Anibal looking to slow LA with wicked cutter

Braves righty held opponents to a .208 average on pitch in '18

October 5th, 2018

LOS ANGELES -- is not done.

He's definitely changed his approach and it could not have come at a better time.

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The veteran Braves right-hander has increased the use of his cut fastball and stopped throwing his sinker as often, and it's one of the reasons he has gone from wondering if he would ever get a job during the offseason to starting Game 2 of the National League Division Series on Friday at Dodger Stadium against .

After the Dodgers jumped all over starter Mike Foltynewicz's fastball in Los Angeles' 6-0 win in Game 1 on Thursday, Sanchez's new approach might serve him very well. It might even make him a secret weapon in a rotation where down the stretch, he seemed like the No. 3 starter behind Foltynewicz and .

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Sanchez threw his cutter 20.2 percent of the time this season after throwing the pitch only 7.3 percent of the time in 2017. By contrast, he threw his sinker 7.8 percent of the time in '18 after throwing the pitch 23.4 percent last year. Dodgers hitters went deep against a pair of fastballs and a changeup on Thursday night.

For the year, Sanchez's results speak for themselves. Hitters had a .208 batting average and slugged .324 against his cutter -- by comparison, they sported a .326 batting average and slugged .465 against the sinker during the regular season in 2018.

How the Dodgers respond to Sanchez's cutter on Friday could be one of the keys to the game. Los Angeles ranked 28th in the Major Leagues this year against cut fastballs with a .205 batting average.

"I feel like I have grown as a player, as a teammate and as a player," Sanchez said in Spanish. "My wife really helped me during a negative time in the offseason. I was wondering if I could continue or was going to get another opportunity. Everybody knows how the offseason went for free agents and it was difficult to stay positive."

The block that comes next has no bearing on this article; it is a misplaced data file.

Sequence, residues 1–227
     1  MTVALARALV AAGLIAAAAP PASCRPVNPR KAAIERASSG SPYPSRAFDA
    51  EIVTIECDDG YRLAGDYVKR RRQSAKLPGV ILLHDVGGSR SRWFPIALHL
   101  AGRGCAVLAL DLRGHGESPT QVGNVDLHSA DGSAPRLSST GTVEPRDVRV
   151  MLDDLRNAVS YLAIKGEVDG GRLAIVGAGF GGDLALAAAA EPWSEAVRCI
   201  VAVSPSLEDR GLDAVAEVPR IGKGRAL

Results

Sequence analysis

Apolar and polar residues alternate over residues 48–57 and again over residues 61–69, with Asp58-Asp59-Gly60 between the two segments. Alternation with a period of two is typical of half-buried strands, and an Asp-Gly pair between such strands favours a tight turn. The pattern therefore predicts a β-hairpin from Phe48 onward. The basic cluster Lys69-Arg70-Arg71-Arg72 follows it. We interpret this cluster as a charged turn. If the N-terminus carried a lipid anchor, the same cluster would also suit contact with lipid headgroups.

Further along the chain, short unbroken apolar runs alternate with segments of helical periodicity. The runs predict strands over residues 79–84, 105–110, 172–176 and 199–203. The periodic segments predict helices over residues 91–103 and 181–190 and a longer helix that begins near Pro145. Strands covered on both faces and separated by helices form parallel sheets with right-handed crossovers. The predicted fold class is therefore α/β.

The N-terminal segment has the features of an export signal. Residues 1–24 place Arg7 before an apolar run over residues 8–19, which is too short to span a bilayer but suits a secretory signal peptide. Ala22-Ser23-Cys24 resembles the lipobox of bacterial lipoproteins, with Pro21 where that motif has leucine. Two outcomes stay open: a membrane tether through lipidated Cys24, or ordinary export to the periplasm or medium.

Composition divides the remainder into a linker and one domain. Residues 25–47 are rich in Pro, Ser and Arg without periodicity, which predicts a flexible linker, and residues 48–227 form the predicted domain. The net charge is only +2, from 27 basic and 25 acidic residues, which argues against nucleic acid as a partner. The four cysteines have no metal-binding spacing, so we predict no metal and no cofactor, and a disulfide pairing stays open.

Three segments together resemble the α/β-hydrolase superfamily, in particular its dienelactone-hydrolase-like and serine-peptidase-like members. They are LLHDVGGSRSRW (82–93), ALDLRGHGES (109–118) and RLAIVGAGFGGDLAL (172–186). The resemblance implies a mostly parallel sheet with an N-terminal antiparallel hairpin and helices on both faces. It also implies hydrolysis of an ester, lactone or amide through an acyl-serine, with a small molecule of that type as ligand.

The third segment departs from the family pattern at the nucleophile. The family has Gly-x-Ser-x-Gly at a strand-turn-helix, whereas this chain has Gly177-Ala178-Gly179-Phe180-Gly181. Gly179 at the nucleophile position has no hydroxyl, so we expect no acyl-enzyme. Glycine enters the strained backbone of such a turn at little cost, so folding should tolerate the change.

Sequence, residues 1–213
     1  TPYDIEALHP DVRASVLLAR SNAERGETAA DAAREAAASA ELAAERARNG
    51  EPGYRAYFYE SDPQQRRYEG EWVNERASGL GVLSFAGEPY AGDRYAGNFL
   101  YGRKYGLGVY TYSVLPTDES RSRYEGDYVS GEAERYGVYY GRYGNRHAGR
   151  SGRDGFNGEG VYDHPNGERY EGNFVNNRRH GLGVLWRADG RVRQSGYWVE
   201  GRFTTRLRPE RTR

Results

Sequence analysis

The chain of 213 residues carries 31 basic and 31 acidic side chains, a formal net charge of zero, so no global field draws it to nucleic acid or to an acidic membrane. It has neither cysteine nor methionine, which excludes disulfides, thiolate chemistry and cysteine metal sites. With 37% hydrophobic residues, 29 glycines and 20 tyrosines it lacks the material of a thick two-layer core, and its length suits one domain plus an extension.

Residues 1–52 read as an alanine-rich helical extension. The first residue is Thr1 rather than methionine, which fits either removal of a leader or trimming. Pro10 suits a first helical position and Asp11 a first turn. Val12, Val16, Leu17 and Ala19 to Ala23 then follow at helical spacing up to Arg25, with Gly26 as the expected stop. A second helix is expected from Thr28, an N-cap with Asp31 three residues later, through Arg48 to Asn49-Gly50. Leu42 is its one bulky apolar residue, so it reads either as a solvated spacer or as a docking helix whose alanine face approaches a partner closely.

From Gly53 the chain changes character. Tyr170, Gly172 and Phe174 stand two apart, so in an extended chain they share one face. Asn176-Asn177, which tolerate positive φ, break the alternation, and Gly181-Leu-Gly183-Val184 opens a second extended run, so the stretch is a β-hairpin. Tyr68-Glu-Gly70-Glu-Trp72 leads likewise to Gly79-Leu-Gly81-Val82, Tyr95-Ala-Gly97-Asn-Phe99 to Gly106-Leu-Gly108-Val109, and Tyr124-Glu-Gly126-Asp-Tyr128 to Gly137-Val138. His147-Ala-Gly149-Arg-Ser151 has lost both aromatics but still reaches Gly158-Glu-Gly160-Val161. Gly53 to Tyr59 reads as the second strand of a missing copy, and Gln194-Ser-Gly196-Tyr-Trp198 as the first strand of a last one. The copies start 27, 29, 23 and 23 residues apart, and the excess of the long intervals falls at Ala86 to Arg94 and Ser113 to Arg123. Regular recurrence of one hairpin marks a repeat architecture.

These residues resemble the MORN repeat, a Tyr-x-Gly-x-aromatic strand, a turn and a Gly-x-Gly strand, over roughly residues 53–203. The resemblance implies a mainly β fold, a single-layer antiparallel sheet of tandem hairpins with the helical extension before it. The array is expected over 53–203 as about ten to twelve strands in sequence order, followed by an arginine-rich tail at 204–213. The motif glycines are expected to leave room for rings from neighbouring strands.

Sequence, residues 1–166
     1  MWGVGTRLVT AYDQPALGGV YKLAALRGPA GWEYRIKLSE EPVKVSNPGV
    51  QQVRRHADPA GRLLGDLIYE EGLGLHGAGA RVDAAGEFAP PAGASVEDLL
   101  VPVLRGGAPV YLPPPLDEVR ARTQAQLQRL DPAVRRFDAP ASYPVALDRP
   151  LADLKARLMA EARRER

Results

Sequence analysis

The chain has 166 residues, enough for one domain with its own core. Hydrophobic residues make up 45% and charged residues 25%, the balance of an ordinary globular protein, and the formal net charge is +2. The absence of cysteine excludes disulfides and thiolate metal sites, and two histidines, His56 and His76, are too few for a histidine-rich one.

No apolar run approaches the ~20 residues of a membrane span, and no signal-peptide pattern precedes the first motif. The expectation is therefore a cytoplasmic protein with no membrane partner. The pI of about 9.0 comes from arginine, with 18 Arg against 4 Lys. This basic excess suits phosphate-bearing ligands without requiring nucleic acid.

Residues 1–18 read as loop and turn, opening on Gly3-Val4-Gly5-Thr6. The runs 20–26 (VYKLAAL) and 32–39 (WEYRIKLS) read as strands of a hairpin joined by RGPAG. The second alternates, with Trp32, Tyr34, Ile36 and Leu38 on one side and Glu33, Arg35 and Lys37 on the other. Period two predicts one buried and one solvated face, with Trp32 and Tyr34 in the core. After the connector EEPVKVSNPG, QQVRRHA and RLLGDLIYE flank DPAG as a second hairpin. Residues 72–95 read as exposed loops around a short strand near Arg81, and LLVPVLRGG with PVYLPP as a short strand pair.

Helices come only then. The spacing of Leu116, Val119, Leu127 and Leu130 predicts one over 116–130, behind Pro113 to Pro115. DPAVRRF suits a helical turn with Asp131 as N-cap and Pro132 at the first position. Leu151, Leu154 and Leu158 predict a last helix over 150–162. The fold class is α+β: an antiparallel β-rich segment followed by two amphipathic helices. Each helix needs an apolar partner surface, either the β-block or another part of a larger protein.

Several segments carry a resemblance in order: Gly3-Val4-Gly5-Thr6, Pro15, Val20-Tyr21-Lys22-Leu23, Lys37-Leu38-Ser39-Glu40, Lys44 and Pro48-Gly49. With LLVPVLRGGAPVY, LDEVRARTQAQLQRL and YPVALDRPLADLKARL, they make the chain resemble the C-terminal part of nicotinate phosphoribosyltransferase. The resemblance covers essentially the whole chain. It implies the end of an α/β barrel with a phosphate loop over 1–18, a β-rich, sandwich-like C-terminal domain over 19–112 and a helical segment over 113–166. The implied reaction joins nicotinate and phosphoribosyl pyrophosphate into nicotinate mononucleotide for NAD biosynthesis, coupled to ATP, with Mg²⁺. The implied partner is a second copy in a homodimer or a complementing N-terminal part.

This is how Sanchez got here. The Tigers paid his $5 million buyout instead of exercising his $16 million option for 2018. He signed with Twins in February, was released, and he signed with the Braves the next month. On Wednesday during the workout before Game 1, Braves general manager Alex Anthopoulos joked he knew he Sanchez was a Cy Young Award candidate and couldn't believe he was signing him on a Minor League deal.

But the reality is, there were a lot of reasons the Braves were willing to gamble on Sanchez for a spot in the rotation or the bullpen. His velocity was down, but he still missed bats. He still played good defense, and there was hope the shift from the American League to the NL would serve him well.

The Braves knew Sanchez could still execute a game plan, and in the end, there was just too much upside to not give him a chance. He passed a two-outing tryout in Spring Training and never looked back.

"From what we have seen this year, we feel good about him any time he takes the mound," Anthopoulos said. "He's not going to scare. He's going to throw strikes and change speeds. It's hard when he's doing it the entire year to not buy in. I think the performance is real."

Sanchez finished 7-6 with a 2.83 ERA and 135 strikeouts in 136 2/3 innings in the regular season. His 24.4-percent strikeout rate and 7.6-percent walk rate ranked him among the top half of all pitchers with at least 100 innings pitched.